Have you anything here to eat?

By 15 April, 2021Gospel, To read

by f. Luis CASASUS, General Superior of the men’s branch of the Idente Missionaries  Europe, April 18, 2021.

Acts of the Apostles 3: 13-15.17-19; First Letter of John 2: 1-5a; Saint Luke 24: 35-48.

A few days ago, I went to help in our parish in Madrid (Spain). When I was at the door, a man about 45 years old called me. He looked polite and dressed like any middle class person. He asked me if I was a priest of the parish and I introduced myself. He explained that he had lost his job, did not know what to do and had debts.

We discussed various possibilities for assistance (Caritas, Social Services, etc.) and…I do not think I could really help him with his problem. But, at the end, he said: Thank you for asking my name and for taking the time to speak with me.

When we are in difficulty, all human beings need some form of intimacy, a space where we can share our problems and doubts with someone. In today’s Gospel, Jesus chose to have something to eat with the frightened and confused disciples and so spent a relaxed and familiar time with them, before talking about their mission and how everything that happened was part of the divine plan. Then he opened their minds to understand the scriptures.

There is a reason that Jesus gave us a meal as a way to remember him. Meals can be the places where communities are born, where times can stand still, where we can be who we are in a comfortable setting. It is no wonder that Jesus made the center of our worship a table for eating. Our hope as Christians is that the life we share together at the kitchen table -all of our joys, fears, vulnerabilities, and excitements- will be what we bring to the altar of our Eucharistic table, sharing with Jesus and his gathered Church in a way that makes time stand still and forms memories that we will never forget.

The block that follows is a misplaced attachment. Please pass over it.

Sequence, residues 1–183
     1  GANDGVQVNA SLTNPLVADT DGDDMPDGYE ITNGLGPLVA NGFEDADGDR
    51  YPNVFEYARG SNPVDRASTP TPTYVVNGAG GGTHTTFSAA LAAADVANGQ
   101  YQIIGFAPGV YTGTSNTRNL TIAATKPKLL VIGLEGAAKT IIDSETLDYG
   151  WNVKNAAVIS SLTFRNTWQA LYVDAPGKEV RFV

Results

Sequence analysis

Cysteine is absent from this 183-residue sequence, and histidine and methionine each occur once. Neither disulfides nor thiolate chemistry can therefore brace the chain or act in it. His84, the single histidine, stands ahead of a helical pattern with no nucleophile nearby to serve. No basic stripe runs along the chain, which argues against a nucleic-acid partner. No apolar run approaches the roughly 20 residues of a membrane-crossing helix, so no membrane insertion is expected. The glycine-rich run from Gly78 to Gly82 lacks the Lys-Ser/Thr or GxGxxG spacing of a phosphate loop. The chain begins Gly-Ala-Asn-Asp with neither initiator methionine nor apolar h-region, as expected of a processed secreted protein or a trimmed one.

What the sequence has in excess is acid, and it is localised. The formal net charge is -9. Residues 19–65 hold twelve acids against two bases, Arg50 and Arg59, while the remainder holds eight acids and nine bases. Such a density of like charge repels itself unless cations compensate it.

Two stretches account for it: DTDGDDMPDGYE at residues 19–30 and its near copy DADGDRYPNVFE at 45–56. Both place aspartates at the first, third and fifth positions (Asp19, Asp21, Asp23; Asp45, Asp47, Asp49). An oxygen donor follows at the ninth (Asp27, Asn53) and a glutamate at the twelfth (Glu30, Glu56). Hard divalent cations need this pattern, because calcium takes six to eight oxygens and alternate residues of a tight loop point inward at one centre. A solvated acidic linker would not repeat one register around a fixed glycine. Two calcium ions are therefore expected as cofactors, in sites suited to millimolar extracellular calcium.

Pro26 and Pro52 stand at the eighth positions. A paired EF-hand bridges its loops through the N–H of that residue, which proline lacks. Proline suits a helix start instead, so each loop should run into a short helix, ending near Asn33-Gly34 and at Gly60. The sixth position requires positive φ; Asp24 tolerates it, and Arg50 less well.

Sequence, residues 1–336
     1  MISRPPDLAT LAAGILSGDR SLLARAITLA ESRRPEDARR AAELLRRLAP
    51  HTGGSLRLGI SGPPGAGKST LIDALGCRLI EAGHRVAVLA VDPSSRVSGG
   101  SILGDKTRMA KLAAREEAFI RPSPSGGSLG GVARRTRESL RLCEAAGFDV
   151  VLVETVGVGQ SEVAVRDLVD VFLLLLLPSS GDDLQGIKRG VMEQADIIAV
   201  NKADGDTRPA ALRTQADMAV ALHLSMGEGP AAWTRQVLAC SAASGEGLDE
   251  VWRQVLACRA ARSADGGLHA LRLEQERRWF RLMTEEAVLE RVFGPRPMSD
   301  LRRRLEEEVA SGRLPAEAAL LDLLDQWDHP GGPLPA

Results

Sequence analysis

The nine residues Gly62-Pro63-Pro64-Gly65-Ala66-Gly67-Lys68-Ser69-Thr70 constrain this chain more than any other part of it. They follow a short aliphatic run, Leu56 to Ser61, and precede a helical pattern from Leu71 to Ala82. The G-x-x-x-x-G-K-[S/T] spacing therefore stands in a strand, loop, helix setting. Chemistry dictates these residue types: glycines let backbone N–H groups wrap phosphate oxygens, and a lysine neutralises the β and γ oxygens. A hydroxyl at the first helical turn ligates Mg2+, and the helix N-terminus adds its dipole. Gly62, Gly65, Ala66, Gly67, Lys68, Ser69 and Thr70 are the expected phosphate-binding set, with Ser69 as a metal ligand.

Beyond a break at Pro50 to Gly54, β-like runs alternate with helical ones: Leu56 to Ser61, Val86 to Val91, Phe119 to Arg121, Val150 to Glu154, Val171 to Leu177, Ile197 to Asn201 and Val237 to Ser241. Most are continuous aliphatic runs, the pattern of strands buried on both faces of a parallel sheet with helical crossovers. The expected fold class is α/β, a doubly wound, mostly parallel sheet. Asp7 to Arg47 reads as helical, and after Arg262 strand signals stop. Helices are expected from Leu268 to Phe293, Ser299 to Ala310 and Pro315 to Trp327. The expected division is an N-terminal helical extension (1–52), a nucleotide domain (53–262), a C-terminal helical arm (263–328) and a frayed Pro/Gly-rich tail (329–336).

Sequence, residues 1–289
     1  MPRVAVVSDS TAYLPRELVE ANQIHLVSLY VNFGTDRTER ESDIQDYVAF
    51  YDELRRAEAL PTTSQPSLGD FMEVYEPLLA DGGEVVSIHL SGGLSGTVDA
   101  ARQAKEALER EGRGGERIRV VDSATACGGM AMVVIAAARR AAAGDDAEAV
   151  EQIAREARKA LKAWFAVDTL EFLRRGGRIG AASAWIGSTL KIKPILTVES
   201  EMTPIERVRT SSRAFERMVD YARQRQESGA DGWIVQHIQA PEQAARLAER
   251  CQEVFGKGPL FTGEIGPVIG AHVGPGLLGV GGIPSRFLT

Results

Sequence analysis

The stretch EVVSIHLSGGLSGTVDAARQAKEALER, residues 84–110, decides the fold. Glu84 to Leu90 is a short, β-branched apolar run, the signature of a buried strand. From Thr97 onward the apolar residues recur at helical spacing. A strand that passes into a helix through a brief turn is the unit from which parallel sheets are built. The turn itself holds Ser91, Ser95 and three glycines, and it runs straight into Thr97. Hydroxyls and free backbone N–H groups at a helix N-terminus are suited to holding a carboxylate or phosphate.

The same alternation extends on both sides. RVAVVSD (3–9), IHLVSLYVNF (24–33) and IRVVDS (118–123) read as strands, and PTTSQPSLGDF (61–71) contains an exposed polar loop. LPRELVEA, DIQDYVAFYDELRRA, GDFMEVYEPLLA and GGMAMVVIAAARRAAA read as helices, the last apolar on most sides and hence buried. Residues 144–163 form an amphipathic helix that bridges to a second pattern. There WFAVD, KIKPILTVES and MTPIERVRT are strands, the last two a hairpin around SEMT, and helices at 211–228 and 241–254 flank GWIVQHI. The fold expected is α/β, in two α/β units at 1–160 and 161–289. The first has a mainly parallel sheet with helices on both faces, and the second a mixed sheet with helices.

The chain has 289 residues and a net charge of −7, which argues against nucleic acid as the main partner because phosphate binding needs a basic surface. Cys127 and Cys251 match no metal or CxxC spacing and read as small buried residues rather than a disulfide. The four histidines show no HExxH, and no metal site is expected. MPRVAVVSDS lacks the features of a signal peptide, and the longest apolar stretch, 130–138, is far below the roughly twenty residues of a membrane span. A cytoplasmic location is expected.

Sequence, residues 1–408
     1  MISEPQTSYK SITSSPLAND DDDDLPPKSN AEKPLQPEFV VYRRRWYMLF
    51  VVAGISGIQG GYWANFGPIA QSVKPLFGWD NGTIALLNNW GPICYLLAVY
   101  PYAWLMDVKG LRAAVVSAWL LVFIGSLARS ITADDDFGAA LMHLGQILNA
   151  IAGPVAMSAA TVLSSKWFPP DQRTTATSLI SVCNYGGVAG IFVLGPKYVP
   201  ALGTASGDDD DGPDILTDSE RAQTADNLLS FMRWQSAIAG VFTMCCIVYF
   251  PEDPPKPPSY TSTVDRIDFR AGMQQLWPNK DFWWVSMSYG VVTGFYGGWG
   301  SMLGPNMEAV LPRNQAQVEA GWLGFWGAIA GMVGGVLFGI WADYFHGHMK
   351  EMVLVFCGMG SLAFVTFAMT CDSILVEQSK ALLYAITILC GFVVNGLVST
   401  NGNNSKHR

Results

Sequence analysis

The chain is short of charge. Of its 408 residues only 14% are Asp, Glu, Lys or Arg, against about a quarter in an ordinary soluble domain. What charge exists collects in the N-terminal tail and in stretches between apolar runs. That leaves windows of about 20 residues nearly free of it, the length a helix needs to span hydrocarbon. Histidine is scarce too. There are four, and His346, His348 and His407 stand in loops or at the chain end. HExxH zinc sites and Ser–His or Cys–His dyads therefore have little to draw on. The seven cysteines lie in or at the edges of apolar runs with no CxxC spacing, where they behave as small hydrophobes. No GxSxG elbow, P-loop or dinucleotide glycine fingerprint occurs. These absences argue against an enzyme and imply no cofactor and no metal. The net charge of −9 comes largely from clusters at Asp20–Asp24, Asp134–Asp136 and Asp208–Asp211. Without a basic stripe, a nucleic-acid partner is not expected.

Food connects people. Why else do you think so many people go to dinner on dates? Meals really do help establish closer relationships between people.

Something as small as asking what someone wants to dinner or deciding what to eat makes the bond between us stronger. By establishing a regular routine of eating together, families can really become closer. If you think about the regular actions that occur when eating as a group, such as passing around dishes, sharing food, etc., these are all actions that physically and mentally create relationships between people.

In a world where the most frequent and easiest thing is to become disunited, we are witnesses when we manage to remain together. In a world where we are overwhelmed by needs, shortages and fear, we are witnesses when we find the way to get close to our neighbor and dedicate some time to listen to him.

We may not be able to solve their problems. The only condition is to approach them in the name of Christ, in the manner of Christ, with no other motivation. May the next time we have coffee with someone, or are at lunch or dinner with our community, with our family, our intention is not to appease hunger, but to create a suitable climate so that those around us feel the presence of Christ, not simply our courtesy or kindness.